>RUN STOPPABLE! (Yes that is a pun, laugh now). But seriously, they only reason one could say he was bad against the run is because he was going against Brandon Jacobs. If Jacobs would have weighed about 30 less lbs, he would have been stopped in his tracks multiple times.

>Secure tackler. It was never more evident than today. He did as good a job as you can do from preventing the Giant RBs and TEs from making anything happen with the ball their hands. You really couldn't ask him for much more in the running game today.

>Shredded the full back easily today. Hynoski didn't have much of a chance in keeping him from making a play of RBs this day and he made it clear from the opening snap. I think they ended up having to have Ballard block him more down the stretch.

>When he was diagnosing and reacting to the run today, he did it very well. I've said he does a lot of anticipating, but there are times where he does read and react and when he does it, he actually does a pretty good job. I don't know why he doesn't do it more.

>Manning normally likes to be check down Charlie when he gets pressure early, but Lofton did a good job preventing the pass short today. He only allowed one catch in coverage (except on one play where he had to cover the TE down field and the RB had a flare route on delay). Really all around a solid day for Lofton.

>As I said earlier, the fact that he gets into piles is a positive and a negative. When its a positive is when its when the RB is trying to push the pile forward and you hop in just to prevent that from happening, but we've seen what happens when you just jump blindly into the pile as a defender without knowing where the running back is.

Word is "5-0" is looking at a reduced role next season as he would only be a two down LB. And it includes this interesting piece....

.....Lofton may be more reluctant to re-sign with the team if they're not willing to play him as a full-time guy, even if the Falcons are no less serious about re-signing him. It could give Weatherspoon more run in different roles, and it could lead to Adkins finally breaking into the starting lineup part-time, given that he's the only reserve on the roster who appears to have any coverage chops. But this is mostly conjecture.

It goes without saying that Lofton is a great young player, but he isn't elite. Really, the only elite MLBs that I can think of are Willis, Beason (when healthy), Urlacher, and Lewis. Word is Lofton is looking for a contract similar to that of David Harris (4 yr/ $36 mil). Well not only is Lofton not worth that much, neither was Harris for that matter (and I'm a Harris fan). But if he's really expecting to head out into FA and command an $8 million per year contract as a known 2 down LB who has "issues" in coverage, he's going to be very disappointed.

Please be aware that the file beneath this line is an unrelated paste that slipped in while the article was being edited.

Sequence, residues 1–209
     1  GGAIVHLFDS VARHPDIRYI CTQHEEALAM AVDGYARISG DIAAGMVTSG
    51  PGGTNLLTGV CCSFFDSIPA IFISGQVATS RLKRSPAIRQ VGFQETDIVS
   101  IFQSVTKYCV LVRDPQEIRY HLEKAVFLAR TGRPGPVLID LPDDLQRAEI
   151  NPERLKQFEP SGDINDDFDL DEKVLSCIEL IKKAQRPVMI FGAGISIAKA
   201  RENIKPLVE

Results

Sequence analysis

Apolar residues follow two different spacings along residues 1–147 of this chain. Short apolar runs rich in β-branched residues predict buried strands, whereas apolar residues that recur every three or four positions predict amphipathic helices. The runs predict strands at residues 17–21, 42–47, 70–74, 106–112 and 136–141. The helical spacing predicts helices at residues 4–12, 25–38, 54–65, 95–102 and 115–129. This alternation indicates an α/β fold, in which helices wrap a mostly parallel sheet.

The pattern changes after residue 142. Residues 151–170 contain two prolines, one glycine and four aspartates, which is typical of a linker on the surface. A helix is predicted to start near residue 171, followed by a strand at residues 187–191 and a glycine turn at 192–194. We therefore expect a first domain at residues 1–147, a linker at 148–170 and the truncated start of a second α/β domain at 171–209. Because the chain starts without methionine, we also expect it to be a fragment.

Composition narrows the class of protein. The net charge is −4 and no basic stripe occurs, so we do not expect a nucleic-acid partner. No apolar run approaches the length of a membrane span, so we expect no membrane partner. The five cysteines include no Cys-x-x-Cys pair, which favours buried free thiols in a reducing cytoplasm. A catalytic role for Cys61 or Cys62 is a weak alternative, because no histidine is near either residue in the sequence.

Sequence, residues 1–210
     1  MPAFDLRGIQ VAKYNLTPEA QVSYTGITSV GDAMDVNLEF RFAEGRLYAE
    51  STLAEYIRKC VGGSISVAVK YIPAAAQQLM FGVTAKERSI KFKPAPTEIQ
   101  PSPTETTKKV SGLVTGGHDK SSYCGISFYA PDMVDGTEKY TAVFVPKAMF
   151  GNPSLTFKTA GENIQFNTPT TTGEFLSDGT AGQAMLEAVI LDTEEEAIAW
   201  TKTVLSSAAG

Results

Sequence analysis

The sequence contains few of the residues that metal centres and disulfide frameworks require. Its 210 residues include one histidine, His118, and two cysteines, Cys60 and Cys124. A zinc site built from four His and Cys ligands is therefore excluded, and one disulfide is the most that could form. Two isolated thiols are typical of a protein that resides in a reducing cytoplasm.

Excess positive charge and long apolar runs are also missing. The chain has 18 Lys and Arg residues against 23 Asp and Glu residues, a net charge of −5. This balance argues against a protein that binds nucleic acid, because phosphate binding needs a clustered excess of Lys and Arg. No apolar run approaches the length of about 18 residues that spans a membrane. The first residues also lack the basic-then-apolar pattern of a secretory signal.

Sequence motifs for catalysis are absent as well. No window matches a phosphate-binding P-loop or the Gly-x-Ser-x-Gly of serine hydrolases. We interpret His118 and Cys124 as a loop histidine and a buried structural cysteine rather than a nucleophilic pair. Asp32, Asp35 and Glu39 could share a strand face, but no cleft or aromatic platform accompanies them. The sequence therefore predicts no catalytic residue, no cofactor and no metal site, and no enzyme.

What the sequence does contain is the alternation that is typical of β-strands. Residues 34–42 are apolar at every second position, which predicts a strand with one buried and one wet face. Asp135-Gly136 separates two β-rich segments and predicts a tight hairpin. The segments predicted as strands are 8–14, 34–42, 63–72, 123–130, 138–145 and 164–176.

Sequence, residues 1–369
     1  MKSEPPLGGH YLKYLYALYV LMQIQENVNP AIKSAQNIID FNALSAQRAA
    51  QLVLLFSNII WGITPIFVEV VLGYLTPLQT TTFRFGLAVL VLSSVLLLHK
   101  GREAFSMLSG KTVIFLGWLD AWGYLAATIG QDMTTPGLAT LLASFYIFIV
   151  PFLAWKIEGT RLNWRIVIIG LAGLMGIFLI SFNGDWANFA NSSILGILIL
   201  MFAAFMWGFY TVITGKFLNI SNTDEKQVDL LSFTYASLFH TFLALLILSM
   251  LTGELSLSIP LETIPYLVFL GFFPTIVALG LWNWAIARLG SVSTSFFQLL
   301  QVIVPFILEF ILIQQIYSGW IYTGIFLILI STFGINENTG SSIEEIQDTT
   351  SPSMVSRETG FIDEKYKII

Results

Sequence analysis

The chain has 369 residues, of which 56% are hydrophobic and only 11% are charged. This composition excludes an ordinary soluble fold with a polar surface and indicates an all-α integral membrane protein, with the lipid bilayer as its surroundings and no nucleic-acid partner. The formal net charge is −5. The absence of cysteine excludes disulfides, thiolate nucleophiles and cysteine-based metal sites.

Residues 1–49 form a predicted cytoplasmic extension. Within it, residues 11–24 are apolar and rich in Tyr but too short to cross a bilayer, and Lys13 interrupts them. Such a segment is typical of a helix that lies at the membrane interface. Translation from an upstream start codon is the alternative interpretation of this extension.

The majority of the fans in ATL do want him back as can be read in this article on Lofton from Falcoholics.

He is some comments from them....

I'm more worried about losing Lofton

Than Grimes or Abraham. Simply, because defensive backs just aren’t worth as much in todays NFL and Abe is old. But if Lofton can’t cover, that is a problem.

He makes a lot

of tackles, and should as a MLB in a 4 3, that is the design. Most of those tackles are about 5 yards or over past the the LOS. Averages 1 sack and 1 INT a year. A tackle for a loss happens about once every 4 games.

A playmaker is not how I would describe him, although last year was his best year in that regard. A good, dependable MLB with limited coverage skills about sums him up.

Lofton is easier to replace than

Abe and possibly Grimes. Lofton is a good MLB, not great and not top tier. I love Lofton in a Falcons jersey but this is a position that ATL could improve on or possibly fill with the same level of player for less than Lofton will want to get paid.


(There are more, but I'm just taking the general consensus).

The truth is, the MLB position on a 4-3 defense, just isn't easy to find a stud anymore quite frankly. Most of them do really want Lofton back and I consider him the best player at that position in the off-season (even over Tulloch contrary to PFF). Lofton should be looking for a contract more like the average LB to maybe slightly about average (maybe around $6 mil/ per year with incentives).

Once again, however, the WIDE-9 factor comes into play for us Eagles fans. Do you think Lofton's style of play would fit behind the Wide-9? Lofton racks up tackles, but when forced to do it on the fly, can he sustain that pace? Even more abstruse of a question is how deep are the Eagles true cares about adding a LB. As we've heard, we are "rumored to be interested" in Dan Connor. Would they be interested in Lofton who cost a bit more?

What are your thoughts?